I think it’s important for anyone interested in pursuing a career in public relations or as we say in government, public affairs, to be interested in all aspects of what’s happening in politics, media, local and national activities, etc. In other words, it’s important to have your thumb on the pulse of what’s happening locally, regionally and nationally. That’s what your boss wants to know and probably what he or she doesn’t have time to focus on.
I’ve always found that if I can provide added value to the organization, specifically my immediate supervisor, with real-time important facts, that effort makes me invaluable as an employee and provides me access that other players in the organization do not have.
In government public affairs we work for the citizens of the United States, not one political party or another. It’s important that we remember this because that concept can easily get lost in the heat of battle, especially when you’re trying to get a news release coordinated and distributed and a certain supervisor may want to slant a story a certain way. The Department of Defense public affairs guidance has always stayed with me throughout my career.
It’s DoD’s policy to make available timely and accurate information so that the public, Congress and the news media may assess and understand the facts about national security and defense strategy. Requests for information from organizations and private citizens are to be answered quickly. Information will be made fully and readily available, consistent with statutory requirements, unless its release is precluded by national security constraints or valid statutory mandates or exceptions. The Freedom of Information Act (FOIA) will be supported in letter and spirit. A free flow of general and military information shall be made available, without censorship or propaganda, to the men and women of the armed forces and their dependents. Information won’t be classified or withheld to protect the government from criticism or embarrassment. Information will be withheld when disclosure would adversely affect national security, threaten the safety or privacy of U.S. government personnel or their families, violate the privacy of the citizens of the United States, or be contrary to law.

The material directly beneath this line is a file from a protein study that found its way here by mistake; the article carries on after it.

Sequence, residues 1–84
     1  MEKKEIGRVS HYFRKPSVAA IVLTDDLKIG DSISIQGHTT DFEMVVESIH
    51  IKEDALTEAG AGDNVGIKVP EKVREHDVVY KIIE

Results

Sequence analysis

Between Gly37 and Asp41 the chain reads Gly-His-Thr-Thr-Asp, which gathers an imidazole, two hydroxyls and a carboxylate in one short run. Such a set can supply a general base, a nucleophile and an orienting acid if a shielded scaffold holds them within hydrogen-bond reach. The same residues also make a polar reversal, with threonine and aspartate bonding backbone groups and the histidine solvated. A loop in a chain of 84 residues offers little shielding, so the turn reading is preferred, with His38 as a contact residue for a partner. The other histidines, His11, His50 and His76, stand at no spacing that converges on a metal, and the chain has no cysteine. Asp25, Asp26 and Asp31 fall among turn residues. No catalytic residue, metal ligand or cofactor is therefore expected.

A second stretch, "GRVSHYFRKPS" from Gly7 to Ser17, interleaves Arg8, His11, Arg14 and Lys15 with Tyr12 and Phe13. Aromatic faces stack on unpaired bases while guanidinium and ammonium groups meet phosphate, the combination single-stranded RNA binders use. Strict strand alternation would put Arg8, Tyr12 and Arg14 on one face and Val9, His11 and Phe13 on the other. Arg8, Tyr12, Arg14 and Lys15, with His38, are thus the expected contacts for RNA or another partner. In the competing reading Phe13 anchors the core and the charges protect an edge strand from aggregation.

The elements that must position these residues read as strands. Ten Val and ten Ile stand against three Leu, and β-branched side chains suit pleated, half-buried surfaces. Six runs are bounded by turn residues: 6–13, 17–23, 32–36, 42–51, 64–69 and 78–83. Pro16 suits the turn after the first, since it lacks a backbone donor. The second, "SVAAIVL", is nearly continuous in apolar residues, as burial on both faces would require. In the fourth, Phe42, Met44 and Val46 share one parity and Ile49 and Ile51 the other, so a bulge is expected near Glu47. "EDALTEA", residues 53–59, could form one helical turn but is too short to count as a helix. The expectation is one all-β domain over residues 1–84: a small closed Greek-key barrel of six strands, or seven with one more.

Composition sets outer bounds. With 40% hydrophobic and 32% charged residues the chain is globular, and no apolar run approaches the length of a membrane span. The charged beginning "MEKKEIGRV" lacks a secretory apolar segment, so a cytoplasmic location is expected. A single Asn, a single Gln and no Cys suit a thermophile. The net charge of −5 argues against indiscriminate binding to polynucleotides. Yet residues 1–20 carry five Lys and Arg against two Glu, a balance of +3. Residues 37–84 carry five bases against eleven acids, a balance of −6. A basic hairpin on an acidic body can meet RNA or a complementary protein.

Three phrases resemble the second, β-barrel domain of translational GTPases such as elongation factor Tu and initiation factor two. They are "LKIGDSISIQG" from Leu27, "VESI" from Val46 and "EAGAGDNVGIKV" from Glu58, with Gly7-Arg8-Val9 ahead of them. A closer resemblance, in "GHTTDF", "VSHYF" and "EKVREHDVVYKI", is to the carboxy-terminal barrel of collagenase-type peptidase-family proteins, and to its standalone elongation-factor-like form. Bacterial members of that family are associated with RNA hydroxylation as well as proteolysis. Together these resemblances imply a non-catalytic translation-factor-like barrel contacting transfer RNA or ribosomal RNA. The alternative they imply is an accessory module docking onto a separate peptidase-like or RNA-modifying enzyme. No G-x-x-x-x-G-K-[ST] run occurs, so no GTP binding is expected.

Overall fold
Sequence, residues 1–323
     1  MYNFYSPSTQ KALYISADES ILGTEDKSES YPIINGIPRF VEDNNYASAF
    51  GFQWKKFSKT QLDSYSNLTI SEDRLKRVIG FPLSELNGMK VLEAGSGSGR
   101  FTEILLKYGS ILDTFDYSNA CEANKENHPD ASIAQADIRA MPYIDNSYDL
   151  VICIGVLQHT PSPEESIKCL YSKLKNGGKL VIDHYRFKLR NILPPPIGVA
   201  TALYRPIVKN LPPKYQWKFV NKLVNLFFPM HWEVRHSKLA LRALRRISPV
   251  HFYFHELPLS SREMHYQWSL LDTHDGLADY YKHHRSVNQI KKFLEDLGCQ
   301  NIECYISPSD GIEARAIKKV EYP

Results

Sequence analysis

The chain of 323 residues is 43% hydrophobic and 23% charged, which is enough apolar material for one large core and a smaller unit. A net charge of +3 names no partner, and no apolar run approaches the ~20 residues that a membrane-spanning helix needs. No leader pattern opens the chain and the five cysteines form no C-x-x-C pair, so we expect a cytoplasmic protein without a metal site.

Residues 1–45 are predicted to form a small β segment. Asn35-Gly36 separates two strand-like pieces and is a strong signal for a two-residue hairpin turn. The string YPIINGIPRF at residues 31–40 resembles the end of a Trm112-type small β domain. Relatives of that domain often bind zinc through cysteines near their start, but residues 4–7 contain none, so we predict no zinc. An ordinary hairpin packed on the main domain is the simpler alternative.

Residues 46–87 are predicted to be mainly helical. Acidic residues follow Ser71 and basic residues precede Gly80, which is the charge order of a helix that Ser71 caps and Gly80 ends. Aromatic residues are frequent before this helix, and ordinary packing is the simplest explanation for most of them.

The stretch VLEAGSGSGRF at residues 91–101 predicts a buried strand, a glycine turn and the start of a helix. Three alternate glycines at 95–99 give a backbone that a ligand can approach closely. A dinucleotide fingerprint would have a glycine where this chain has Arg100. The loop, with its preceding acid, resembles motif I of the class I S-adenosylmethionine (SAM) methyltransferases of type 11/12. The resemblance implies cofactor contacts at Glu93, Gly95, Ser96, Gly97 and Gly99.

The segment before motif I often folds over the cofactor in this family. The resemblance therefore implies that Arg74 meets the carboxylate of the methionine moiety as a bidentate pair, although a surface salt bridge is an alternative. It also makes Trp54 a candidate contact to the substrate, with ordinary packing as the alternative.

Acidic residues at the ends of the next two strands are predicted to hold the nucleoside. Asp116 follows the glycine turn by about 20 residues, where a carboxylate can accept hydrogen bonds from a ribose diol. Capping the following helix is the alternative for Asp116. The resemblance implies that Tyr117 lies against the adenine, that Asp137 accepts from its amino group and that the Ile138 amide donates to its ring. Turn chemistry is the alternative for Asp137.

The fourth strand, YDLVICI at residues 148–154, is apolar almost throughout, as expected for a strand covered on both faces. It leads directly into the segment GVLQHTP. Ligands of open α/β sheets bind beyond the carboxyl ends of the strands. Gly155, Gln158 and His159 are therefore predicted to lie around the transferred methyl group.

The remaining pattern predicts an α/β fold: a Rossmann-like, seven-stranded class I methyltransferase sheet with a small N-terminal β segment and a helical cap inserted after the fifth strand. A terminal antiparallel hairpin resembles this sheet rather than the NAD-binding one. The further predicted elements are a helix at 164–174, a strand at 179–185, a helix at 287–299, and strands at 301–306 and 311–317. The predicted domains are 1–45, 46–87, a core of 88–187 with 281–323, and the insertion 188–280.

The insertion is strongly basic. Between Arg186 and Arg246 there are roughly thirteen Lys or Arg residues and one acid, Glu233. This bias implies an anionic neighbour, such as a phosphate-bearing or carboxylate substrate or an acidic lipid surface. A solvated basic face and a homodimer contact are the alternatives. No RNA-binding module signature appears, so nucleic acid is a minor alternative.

DoD’s obligation to provide the public with information on major programs may require detailed public affairs (PA) planning and coordination with the other government agencies and that activity is to expedite the flow of information to the public. Propaganda has no place in DoD public affairs programs.
If we are able to keep these ideals clearly in mind as we do our jobs, no matter whether it’s within the Department of Defense or any other federal government department, I think the citizens of the United State will be well served by our efforts.
Temple Black, senior spokesperson, U.S. Immigration and Customs Enforcement (ICE) within the Department of Homeland Security, New Orleans, LA. Black is a retired Air Force public affairs officer who held positions at the Pentagon, Andrews Air Force Base and in Vukovar, Croatia to the U.N. Transitional Administrator. Additionally, Black devised public affairs strategies for the U.N., created a process to airlift the Department of Defense media pool to worldwide crises on short notice, and helped to open NATO’s public information program in Turkey.
Join Black for his co-presentation, Making the Jump: A Second Life in Corporate or Government PR, along with Ray Crockett, James P. Moore, and Barry M. Grossman, APR, on Monday, August 18!